BitDepth#835 - May 22

The local film community meets to discuss the
Challenges for local film industry
Film director Professor Pat Mohammed speaks on the floor at the TTFC’s stakeholder consultation on the next strategic plan for the local film industry. Photograph by Mark Lyndersay.

On May 12, the Trinidad and Tobago Film Company (TTFC) met to consider the strategic plan for the film industry for the next four years.
There was a bit of world-weariness mixed in with some honest ambition at the event, held on a Saturday morning at the Cascadia Hotel, but stakeholder consultations are not just a requirement for the TTFC. The leading programme that the state enterprise is managing today, the Production and Script Development (PASD) programme, emerged from the floor at the first consultation in 2005.

Up for discussion was a 26 page abstract of the 200 page document, prepared by Lahiri School of Business Management, which sought to address the mission statement of the organisation, “To create and maintain a sustainable and viable film industry and to promote T&T as the premier film location.”
Practically jumping off the pages was the conflict between the ambitions of the Film Company and its painfully slim budget and administrative capacity.

The last budget request to government from the TTFC was for more than $20 million to cover a dizzying range of projects, which include film support, screenings, festivals and funding to support local productions. They got $6.5 million.

The plan for the next four years is no less ambitious. The successes of the last four years, with students graduating from UWI’s Film school (disclosure: I am a part-time lecturer there), the School’s Film Festival, more productions getting critical financing from the PASD programme and the success of projects like I am Santana encouraging even more enthusiasm for the medium will tax the resources of the TTFC and bring challenges unforeseen in 2005.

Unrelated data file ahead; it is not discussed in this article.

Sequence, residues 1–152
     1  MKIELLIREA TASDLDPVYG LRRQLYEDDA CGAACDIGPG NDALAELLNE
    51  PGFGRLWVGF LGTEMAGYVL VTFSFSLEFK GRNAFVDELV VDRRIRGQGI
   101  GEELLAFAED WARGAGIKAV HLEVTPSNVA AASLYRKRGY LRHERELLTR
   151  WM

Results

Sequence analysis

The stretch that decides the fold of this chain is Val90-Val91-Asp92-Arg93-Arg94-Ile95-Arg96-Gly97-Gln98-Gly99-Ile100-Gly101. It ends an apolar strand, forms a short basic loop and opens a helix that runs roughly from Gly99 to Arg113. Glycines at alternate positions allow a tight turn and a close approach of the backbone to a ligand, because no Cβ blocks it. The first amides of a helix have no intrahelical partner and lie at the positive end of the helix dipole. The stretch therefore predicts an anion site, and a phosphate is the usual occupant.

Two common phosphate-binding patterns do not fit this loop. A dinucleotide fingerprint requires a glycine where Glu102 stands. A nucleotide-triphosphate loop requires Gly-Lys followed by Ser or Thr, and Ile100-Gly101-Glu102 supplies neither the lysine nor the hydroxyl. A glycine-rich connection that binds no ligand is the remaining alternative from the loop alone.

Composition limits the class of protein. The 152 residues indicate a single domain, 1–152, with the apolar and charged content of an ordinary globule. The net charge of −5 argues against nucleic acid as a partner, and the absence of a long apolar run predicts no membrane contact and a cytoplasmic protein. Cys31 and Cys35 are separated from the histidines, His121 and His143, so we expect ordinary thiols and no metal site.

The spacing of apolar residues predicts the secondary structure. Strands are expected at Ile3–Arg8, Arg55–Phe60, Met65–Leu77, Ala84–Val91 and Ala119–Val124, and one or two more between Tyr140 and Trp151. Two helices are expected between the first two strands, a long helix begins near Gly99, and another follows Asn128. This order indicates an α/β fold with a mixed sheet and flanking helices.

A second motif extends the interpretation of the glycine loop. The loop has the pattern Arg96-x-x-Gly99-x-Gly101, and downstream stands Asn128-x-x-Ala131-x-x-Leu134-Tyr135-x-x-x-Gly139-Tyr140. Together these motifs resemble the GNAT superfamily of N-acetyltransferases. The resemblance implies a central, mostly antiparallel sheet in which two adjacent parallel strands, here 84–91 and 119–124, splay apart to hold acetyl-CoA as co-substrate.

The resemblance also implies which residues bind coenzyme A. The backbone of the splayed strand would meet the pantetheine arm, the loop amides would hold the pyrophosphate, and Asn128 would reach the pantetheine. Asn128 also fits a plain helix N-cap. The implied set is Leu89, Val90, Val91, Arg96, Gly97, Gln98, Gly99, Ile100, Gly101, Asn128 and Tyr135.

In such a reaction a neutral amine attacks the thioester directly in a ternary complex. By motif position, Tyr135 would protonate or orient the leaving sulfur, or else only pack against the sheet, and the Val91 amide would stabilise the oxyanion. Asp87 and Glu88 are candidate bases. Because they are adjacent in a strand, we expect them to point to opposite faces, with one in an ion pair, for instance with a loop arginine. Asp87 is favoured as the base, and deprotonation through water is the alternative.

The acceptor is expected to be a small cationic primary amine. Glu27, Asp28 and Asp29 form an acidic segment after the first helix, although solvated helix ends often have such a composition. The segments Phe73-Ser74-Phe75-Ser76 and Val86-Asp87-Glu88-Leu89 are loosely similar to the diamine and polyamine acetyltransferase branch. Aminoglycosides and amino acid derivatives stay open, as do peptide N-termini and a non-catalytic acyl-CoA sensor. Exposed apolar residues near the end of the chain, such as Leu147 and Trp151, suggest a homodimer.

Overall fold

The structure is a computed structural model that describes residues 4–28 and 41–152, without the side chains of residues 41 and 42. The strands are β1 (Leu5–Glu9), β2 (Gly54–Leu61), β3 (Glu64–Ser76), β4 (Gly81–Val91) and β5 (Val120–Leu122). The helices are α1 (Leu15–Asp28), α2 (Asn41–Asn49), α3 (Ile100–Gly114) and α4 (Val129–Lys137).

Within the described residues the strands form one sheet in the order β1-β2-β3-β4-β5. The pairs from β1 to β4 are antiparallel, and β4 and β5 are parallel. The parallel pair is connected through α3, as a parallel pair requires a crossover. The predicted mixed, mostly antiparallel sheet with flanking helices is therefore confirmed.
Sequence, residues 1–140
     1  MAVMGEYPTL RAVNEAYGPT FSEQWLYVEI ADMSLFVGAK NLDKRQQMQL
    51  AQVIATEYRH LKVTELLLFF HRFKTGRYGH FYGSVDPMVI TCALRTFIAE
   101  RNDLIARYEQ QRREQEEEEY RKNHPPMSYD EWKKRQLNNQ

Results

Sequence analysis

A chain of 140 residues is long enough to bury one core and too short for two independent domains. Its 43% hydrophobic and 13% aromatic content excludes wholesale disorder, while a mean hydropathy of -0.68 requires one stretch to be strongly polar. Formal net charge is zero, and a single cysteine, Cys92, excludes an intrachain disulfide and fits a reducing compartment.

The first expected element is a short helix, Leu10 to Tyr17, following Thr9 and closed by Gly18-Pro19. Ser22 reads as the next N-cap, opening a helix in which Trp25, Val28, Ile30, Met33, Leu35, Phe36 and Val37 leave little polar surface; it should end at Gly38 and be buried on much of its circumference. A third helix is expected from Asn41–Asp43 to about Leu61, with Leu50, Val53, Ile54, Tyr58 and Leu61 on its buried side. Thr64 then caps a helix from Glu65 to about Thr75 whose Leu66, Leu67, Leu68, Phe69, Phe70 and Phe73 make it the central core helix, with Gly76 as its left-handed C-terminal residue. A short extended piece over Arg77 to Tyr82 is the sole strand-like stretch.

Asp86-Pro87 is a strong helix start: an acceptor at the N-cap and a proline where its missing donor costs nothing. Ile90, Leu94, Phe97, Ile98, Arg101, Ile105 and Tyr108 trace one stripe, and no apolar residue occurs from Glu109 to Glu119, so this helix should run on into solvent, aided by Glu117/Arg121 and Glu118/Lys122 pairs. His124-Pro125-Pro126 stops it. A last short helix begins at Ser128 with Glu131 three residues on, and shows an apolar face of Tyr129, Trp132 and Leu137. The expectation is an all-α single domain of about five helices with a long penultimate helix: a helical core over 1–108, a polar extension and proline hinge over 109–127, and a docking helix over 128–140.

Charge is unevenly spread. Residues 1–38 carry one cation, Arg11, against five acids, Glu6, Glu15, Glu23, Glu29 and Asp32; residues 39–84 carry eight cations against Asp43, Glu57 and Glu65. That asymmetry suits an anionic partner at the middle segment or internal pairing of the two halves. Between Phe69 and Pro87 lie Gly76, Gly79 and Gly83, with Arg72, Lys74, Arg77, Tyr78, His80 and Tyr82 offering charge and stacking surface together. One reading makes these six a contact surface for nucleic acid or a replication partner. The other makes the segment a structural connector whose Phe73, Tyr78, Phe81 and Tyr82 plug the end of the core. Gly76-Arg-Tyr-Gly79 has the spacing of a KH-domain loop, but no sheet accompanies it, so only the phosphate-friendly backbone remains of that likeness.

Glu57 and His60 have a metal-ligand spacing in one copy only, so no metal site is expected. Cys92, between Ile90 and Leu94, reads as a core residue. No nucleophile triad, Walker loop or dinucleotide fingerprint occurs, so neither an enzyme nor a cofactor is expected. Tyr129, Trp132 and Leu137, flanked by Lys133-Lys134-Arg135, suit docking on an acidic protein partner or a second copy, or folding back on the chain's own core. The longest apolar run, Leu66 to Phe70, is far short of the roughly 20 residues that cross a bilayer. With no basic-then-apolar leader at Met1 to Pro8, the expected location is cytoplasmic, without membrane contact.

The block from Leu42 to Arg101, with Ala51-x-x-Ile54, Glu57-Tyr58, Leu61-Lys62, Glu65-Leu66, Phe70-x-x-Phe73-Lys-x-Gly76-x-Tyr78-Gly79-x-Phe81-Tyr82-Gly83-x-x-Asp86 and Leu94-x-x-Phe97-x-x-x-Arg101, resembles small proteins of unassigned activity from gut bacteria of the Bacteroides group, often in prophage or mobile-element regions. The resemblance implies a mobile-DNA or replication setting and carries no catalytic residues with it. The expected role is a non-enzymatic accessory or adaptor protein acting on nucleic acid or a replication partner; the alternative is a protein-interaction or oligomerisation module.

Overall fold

Among them are practical matters like subtitling and dubbing to improve distribution in the region. This is a step that needs to be handled properly, or films get translated from the sublime to the ludicrous in one easy step.
It’s serious enough to the life of a film in a language fractured region like the Caribbean with its Latin American neighbours that the IADB is considering funding centres for translation and UWI is being considered as a lynchpin resource for the ticklish business of translating West Indian English into foreign languages.

Copyright lawyer Anthony Viera noted that civil penalities for IP piracy are more puntive than criminal prosecutions. Remedies are available but aren’t being used.
Former COTT director Alvin Daniel noted that in 1998, 100 cases were brought before the courts for piracy infractions and not a single case resulted in a prosecution or a penalty. Police officers were said to be neither equipped nor interested in pursuing such cases with diligence.

Should pirates be persuaded to become distributors of local films? It wouldn’t be the only provocative question to be asked that morning.
In 1936, Bruce Paddington noted, the cinematographic act was brought into law because the British felt that there were too many films from the US in local cinemas? Should there be quotas? Increases in taxes with automatic rebates for cinemas and television stations who show more local films and shorts?

Fresh calls were made for the removal of all import duties and taxes on film making equipment. What will happen if such floodgates are opened? Will the proliferation that followed the removal of VAT and duty on computers be repeated?
Sonja Dumas noted the challenges that foreign filmmakers and producers have encountered with customs and crime as stalling points for bringing productions to Trinidad and Tobago.

In response, Pat Mohammed suggested that the TTFC should begin looking at Caribbean islands like the Dominican Republic, the Bahamas and Puerto Rico which have successfully sold themselves as locations for films.
It wasn’t all dour contemplation of seemingly insurmountable challenges.
Two local students have been invited to study animation in India as a result of the January 2012 state visit.
Film also looks set to become part of the CXC syllabus as part of a creative studies course with options in dance, drama and cinematic arts expected to go live in 2014.

There is also to be a T&T Best Village Film Festival, beginning with training in five communities to each produce a short film.
The challenges of the next strategic plan will not be in building, but in consolidating the successes of 2005-2012 into something that looks more like a sustainable industry.
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